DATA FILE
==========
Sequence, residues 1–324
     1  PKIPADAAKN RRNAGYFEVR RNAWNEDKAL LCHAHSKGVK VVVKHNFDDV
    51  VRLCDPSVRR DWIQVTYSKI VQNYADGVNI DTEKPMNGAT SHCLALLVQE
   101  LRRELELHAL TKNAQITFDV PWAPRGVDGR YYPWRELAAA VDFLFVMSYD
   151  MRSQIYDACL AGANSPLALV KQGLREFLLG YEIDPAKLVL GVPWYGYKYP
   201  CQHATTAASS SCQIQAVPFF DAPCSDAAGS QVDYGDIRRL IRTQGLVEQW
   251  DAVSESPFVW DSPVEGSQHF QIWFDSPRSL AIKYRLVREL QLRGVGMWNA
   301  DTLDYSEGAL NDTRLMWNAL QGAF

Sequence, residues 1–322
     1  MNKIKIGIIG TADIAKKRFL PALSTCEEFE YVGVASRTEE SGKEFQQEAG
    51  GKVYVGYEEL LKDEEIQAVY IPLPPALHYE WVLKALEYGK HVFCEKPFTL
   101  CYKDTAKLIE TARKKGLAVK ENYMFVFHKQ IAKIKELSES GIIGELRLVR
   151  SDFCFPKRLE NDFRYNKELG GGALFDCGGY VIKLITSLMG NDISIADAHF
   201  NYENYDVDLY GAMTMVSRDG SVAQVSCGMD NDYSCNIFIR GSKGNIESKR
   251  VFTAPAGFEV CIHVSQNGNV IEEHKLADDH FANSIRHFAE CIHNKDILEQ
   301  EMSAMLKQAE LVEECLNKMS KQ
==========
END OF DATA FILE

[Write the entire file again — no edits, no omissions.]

Sequence, residues 1–324
     1  PKIPADAAKN RRNAGYFEVR RNAWNEDKAL LCHAHSKGVK VVVKHNFDDV
    51  VRLCDPSVRR DWIQVTYSKI VQNYADGVNI DTEKPMNGAT SHCLALLVQE
   101  LRRELELHAL TKNAQITFDV PWAPRGVDGR YYPWRELAAA VDFLFVMSYD
   151  MRSQIYDACL AGANSPLALV KQGLREFLLG YEIDPAKLVL GVPWYGYKYP
   201  CQHATTAASS SCQIQAVPFF DAPCSDAAGS QVDYGDIRRL IRTQGLVEQW
   251  DAVSESPFVW DSPVEGSQHF QIWFDSPRSL AIKYRLVREL QLRGVGMWNA
   301  DTLDYSEGAL NDTRLMWNAL QGAF

Sequence, residues 1–322
     1  MNKIKIGIIG TADIAKKRFL PALSTCEEFE YVGVASRTEE SGKEFQQEAG
    51  GKVYVGYEEL LKDEEIQAVY IPLPPALHYE WVLKALEYGK HVFCEKPFTL
   101  CYKDTAKLIE TARKKGLAVK ENYMFVFHKQ IAKIKELSES GIIGELRLVR
   151  SDFCFPKRLE NDFRYNKELG GGALFDCGGY VIKLITSLMG NDISIADAHF
   201  NYENYDVDLY GAMTMVSRDG SVAQVSCGMD NDYSCNIFIR GSKGNIESKR
   251  VFTAPAGFEV CIHVSQNGNV IEEHKLADDH FANSIRHFAE CIHNKDILEQ
   301  EMSAMLKQAE LVEECLNKMS KQ